Output periodic piecewise linear signal

Physical Signals/Sources

The Repeating Sequence block outputs a periodic
piecewise linear signal, * y*. You can optionally
specify an initial signal value and an initial time offset. The repeating
sequence consists of a number of linear segments, connected to each
other. The number of segments must be no greater than 100. You specify
how to connect the segments by choosing a signal type. For the same
set of block parameter values, the resulting output signal will be
different depending on the signal type:

`Discontinuous`

— Each linear segment in the repeating sequence is defined by its duration, start value, and end value. If the end value of a segment is not the same as the start value of the next segment, they are connected by a vertical line.`Continuous`

— Each linear segment in the repeating sequence is defined by its duration and start value. The end value of a segment is the same as the start value of the next segment.`Discrete`

— Each linear segment in the repeating sequence is defined by its duration and start value. The end value of a segment is the same as its start value.

Use this block to generate various types of physical signals, such as pulse, sawtooth, stair, and so on.

**Initial output**The value of the output signal at time zero. The output of the block remains at this value until the simulation time reaches the

**Time offset**value. The default value is`0`

.**Time offset**The value of the initial time offset, before the start of the repeating sequence. During this time, the output of the block remains at the

**Initial output**value. The default value is`0`

.**Signal type**Select one of the following signal types:

`Discontinuous`

— For each linear segment in the repeating sequence, define its duration, start value, and end value. If the end value of a segment is not the same as the start value of the next segment, they are connected by a vertical line. This is the default method.`Continuous`

— For each linear segment in the repeating sequence, define its duration and start value. The end value of a segment is the same as the start value of the next segment.`Discrete`

— For each linear segment in the repeating sequence, define its duration and start value. The end value of a segment is the same as its start value.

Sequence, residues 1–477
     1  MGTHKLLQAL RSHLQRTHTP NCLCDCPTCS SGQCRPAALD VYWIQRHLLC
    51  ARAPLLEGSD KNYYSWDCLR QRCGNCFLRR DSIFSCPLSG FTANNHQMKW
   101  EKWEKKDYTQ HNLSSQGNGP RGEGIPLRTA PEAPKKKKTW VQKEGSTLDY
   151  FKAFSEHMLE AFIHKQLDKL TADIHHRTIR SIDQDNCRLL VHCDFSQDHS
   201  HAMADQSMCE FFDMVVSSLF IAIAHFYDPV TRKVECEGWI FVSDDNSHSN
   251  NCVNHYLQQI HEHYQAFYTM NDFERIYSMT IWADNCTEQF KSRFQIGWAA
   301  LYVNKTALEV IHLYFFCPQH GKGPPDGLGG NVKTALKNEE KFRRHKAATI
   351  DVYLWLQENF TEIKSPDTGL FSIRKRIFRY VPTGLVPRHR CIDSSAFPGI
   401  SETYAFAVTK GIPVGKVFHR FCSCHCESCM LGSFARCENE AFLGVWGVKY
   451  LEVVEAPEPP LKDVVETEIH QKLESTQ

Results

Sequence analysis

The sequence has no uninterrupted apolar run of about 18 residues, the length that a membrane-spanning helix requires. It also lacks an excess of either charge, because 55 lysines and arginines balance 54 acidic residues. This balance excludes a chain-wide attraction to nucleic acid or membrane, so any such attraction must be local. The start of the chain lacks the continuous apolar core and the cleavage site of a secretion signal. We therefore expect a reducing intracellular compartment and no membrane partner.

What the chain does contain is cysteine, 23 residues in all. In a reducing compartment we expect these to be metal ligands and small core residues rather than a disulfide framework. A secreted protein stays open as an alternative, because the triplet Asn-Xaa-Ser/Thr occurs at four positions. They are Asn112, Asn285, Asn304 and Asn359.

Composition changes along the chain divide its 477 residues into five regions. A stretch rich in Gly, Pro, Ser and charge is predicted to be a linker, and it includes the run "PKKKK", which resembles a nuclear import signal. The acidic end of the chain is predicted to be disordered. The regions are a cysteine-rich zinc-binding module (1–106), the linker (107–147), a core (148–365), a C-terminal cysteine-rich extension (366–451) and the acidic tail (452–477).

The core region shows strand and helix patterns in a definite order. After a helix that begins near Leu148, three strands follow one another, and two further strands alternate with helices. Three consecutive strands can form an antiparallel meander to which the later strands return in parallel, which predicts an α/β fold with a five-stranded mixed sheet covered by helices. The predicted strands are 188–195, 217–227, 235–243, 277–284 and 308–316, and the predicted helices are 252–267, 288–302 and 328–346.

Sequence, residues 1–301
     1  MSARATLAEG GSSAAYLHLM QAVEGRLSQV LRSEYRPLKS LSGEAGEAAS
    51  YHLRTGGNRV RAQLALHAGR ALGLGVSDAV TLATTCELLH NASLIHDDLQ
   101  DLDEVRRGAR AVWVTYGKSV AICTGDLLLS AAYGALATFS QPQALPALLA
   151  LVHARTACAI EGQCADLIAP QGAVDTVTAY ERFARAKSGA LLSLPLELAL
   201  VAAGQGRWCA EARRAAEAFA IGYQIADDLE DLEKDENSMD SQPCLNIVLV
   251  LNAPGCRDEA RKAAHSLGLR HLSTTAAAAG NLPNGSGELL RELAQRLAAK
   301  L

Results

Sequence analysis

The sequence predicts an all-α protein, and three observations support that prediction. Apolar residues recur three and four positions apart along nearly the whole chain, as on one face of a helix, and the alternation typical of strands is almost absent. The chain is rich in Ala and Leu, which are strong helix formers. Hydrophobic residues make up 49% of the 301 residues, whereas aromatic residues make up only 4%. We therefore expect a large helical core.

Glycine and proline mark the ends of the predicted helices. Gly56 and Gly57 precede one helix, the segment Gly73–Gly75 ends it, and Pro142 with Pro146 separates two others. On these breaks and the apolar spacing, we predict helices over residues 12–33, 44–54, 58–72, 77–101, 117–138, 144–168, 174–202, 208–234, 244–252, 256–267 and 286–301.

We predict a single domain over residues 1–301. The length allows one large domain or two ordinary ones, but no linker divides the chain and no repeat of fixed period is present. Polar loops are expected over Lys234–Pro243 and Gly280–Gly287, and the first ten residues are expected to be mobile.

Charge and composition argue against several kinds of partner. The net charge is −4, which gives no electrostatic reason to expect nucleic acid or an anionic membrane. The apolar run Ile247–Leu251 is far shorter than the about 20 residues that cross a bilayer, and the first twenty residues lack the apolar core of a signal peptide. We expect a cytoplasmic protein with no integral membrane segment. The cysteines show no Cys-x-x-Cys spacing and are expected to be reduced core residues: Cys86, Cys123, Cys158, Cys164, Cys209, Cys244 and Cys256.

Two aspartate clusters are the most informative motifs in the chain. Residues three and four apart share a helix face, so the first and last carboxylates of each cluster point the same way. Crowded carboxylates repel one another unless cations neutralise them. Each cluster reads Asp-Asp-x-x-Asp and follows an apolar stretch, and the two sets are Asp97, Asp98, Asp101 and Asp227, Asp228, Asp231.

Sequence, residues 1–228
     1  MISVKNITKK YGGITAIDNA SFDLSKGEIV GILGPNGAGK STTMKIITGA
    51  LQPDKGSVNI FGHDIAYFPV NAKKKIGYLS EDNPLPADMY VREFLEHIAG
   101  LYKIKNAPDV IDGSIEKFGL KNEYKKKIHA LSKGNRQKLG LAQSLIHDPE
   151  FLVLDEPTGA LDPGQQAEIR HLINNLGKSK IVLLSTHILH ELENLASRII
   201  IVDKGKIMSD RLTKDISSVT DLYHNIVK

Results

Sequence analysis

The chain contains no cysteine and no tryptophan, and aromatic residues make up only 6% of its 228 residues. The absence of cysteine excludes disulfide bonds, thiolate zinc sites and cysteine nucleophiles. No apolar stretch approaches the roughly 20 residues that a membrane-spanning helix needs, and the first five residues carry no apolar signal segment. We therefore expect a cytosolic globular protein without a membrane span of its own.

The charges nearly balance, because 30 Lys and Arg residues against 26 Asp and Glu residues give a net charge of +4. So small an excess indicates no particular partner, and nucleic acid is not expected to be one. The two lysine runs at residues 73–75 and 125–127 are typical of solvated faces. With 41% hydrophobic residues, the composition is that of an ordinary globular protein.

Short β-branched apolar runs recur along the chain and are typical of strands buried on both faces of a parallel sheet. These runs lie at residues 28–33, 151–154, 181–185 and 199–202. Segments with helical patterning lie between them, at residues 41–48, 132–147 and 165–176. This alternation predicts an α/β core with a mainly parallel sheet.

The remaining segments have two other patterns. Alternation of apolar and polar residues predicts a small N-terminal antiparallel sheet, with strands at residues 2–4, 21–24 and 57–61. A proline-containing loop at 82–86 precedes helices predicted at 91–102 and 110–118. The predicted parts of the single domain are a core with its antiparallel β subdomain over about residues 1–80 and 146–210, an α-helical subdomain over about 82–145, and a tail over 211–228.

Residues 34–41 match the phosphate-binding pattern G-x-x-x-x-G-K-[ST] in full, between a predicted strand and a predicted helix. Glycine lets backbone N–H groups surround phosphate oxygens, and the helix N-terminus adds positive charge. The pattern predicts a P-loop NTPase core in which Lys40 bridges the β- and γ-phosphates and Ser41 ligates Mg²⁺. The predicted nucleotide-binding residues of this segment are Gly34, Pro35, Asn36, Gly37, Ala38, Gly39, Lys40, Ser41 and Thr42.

**Durations**Specify the linear segment durations as a 1–by–

row vector, where`n`

is the number of linear segments in the repeating sequence.`n`

must be no greater than 100. The default is`n`

`[ 1 1 ]`

s, which means two linear segments, each lasting 1 second.**Start output values**Specify the start values of the output signal for each linear segment as a 1–by–

row vector, where`n`

is the number of linear segments in the repeating sequence. The size of the vector must match the size of the`n`

**Durations**row vector. The default is`[ 0 2 ]`

, which means that the first of the two linear segments starts at 0, and the second one starts at 2.**End output values**Specify the end values of the output signal for each linear segment as a 1–by–

row vector, where`n`

is the number of linear segments in the repeating sequence. The size of the vector must match the size of the`n`

**Durations**row vector. The default is`[ 1 1 ]`

. This parameter is only visible if the**Signal type**parameter is set to`Discontinuous`

. For other signal types, the end value of a segment is defined either by the start value of the next segment (`Continuous`

) or the start value of the same segment (`Discrete`

).

The block has one physical signal output port.

This example shows the mapping between the block parameter values and the resulting output signal.

Set the block parameters as shown:

The following plot shows the resulting block output.

The signal starts at 0 and consists of two linear segments. The duration of the first segment is 1 second, the segment starts at 0 and ends at 4. The signal is discontinuous, and the end value of the first segment is different than the start value of the second segment, therefore they are connected by a vertical line. The second segment starts at 2, lasts for 2 seconds, and ends at 0, after which the sequence repeats.

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